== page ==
Open Door Policy
The Open Door Policy is a concept in foreign affairs, which usually refers to the policy in 1899 allowing multiple Imperial powers access to China, with none of them in control of that country. As a theory, the Open Door Policy originates with British commercial practice, as was reflected in treaties concluded with Qing Dynasty China after the First Opium War (1839–1842). Through the acquisition of the Philippine Islands, and when the partition of China by the European powers and Japan seemed imminent, the United States felt its commercial interests in China were threatened. U.S. Secretary of State John Hay sent notes to the major powers (France, Germany, Britain, Italy, Japan, and Russia), asking them to declare formally that they would uphold Chinese territorial and administrative integrity and would not interfere with the free use of the treaty ports within their spheres of influence in China. The open door policy stated that all European nations, and the United States, could trade with China.
In reply, each nation tried to evade Hay's request, taking the position that it could not commit itself until the other nations had complied. However, by July 1900, Hay announced that each of the powers had granted consent in principle. Although treaties made after 1900 refer to the Open Door Policy, competition among the various powers for special concessions within China for railroad rights, mining rights, loans, foreign trade ports, and so forth, continued unabated.
Technically, the term "Open Door Policy" can be only referred to as before the founding of the People's Republic of China in 1949. Regarding China's international trade policy introduced after Deng Xiaoping took office, it is termed as China's policy of opening up to the outside world. Although the Open Door is generally associated with China, it was recognized at the Berlin Conference of 1885, which declared that no power could levy preferential duties in the Congo.
Open Door Principle
In 1902, the United States government protested that Russian encroachment in Manchuria after the Boxer Rebellion was a violation of the Open Door Policy. When Japan replaced Russia in southern Manchuria after the Russo-Japanese War (1904–1905) the Japanese and U.S. governments pledged to maintain a policy of equality in Manchuria. In finance, American efforts to preserve the Open Door Policy led (1909) to the formation of an international banking consortium through which all Chinese railroad loans would agree (1917) to another exchange of notes between the United States and Japan in which there were renewed assurances that the Open Door Policy would be respected, but that the United States would recognize Japan's special interests in China (the Lansing-Ishii Agreement). The Open Door Policy had been further weakened by a series of secret treaties (1917) between Japan and the Allies, which promised Japan the German possessions in China on successful conclusion of World War I.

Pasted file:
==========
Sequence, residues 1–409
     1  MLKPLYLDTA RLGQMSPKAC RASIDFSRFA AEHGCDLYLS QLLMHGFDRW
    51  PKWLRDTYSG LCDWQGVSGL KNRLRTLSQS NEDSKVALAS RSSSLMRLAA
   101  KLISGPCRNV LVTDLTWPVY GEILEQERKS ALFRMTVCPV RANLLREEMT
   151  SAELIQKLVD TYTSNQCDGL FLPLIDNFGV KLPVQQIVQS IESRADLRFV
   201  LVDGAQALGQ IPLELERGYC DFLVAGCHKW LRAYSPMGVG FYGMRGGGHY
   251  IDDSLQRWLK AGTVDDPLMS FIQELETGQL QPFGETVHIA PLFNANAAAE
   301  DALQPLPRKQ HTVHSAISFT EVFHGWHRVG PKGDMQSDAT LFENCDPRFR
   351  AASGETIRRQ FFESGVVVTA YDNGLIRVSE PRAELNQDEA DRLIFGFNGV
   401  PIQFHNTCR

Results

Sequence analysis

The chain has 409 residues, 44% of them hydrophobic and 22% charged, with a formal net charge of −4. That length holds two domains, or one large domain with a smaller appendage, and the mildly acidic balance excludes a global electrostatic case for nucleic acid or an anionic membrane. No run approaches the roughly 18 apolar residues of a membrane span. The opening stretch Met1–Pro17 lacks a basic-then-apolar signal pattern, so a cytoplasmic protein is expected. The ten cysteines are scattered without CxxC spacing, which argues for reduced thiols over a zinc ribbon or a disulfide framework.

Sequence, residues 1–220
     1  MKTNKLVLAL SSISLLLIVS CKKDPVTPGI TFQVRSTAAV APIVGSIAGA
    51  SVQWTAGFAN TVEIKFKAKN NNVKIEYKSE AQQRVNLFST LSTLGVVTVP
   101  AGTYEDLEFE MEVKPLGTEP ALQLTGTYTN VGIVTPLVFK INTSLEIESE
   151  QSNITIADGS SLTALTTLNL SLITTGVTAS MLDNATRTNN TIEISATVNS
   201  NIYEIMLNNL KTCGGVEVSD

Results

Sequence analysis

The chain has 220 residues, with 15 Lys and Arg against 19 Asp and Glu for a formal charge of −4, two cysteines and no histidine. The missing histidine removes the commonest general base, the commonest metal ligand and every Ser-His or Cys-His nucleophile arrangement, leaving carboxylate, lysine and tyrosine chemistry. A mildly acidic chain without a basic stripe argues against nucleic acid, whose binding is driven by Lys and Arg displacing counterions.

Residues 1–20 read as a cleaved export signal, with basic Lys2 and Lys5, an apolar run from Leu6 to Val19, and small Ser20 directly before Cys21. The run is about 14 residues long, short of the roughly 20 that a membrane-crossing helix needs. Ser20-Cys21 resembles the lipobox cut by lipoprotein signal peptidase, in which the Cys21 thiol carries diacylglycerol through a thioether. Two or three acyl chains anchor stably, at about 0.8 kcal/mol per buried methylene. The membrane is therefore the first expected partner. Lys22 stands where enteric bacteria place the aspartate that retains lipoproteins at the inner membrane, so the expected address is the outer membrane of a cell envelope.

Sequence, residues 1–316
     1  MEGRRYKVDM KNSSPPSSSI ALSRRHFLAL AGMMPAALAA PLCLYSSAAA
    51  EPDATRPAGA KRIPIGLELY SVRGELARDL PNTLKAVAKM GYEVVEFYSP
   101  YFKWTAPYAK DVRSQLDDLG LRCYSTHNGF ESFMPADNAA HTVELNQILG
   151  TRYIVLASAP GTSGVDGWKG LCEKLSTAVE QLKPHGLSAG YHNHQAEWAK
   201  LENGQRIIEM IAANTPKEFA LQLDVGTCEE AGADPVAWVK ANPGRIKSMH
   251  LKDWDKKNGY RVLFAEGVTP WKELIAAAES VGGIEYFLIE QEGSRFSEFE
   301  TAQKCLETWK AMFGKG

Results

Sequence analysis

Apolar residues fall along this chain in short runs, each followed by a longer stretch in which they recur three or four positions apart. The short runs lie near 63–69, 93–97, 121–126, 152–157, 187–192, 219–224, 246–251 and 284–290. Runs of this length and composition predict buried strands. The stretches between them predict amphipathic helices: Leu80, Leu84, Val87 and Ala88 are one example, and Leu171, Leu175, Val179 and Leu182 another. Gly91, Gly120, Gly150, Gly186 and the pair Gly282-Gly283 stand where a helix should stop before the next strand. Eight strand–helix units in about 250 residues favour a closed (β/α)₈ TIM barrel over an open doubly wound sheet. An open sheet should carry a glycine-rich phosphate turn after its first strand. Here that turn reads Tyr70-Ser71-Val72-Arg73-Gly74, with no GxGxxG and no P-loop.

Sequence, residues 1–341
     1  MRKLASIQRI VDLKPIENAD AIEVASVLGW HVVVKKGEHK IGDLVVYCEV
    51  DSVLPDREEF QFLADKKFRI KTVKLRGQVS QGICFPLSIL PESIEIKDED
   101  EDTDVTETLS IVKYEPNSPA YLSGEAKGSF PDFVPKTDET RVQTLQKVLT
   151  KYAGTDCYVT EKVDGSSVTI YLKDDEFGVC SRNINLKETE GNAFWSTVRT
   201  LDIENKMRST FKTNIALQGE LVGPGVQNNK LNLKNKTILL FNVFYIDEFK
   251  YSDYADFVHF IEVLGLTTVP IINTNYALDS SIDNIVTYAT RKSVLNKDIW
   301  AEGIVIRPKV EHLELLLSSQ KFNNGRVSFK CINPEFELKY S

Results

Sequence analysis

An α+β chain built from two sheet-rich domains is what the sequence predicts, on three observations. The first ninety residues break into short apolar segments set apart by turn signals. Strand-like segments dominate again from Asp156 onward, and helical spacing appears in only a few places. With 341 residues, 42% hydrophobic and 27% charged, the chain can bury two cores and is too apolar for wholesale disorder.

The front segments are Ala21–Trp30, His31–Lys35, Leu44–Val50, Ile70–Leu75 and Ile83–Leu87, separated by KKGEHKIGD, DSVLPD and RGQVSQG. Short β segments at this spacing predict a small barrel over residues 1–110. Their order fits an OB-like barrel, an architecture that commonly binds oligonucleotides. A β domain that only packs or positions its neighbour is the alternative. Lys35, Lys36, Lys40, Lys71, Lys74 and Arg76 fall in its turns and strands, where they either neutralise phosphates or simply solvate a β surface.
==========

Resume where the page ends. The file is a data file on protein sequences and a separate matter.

The "Open Door" was a principle, not a policy formally adopted into a treaty or international law. It was invoked or alluded to but never enforced as such. Starting with the Japanese seizure (1931) of Manchuria and the creation of Manchukuo, however, the Open Door principle was broken with impunity and increasing frequency. 
Open Door Policy in modern China
In China's modern day economic history the Open Door Policy refers to Deng Xiaoping's visits to the Special Economic Zones (SEZ) in 1992 and his belief that to modernize China's industry and boost its economy it needed to welcome foreign direct investment. After his visit Chinese industry shifted heavily to encourage and support foreign trade & investment. It can be argued this was the turning point that truly started China on the path to being 'The World's Factory'.
- Economy of the People's Republic of China
- Economic history of China (Pre-1911)
- Economic history of China (1912–1949)
- Open door policy (business)
- Philip Joseph, Foreign diplomacy in China, 1894-1900
- Sugita (2003)
- Sugita (2003)
- Sugita (2003)
- Lawrence, "Open Door" 
- Esthus, Raymond A. "The Changing Concept of the Open Door, 1899-1910," Mississippi Valley Historical Review Vol. 46, No. 3 (Dec., 1959), pp. 435–454 JSTOR
- Hu, Shizhang (1995). Stanley K. Hornbeck and the Open Door Policy, 1919-1937. Greenwood Press. ISBN 0-313-29394-5.
- Mark Atwood Lawrence, “Open Door Policy”, Encyclopedia of the New American Nation, (online).
- McKee, Delber (1977). Chinese Exclusion Versus the Open Door Policy, 1900-1906: Clashes over China Policy in the Roosevelt Era. Wayne State Univ Press. ISBN 0-8143-1565-8.
- Otte, Thomas G. (2007). The China question: great power rivalry and British isolation, 1894-1905. Oxford University Press. ISBN 978-0-19-921109-8.
- Sugita, Yoneyuki, "The Rise of an American Principle in China: A Reinterpretation of the First Open Door Notes toward China" in Richard J. Jensen, Jon Thares Davidann, and Yoneyuki Sugita, eds. Trans-Pacific relations: America, Europe, and Asia in the twentieth century (Greenwood, 2003) pp 3–20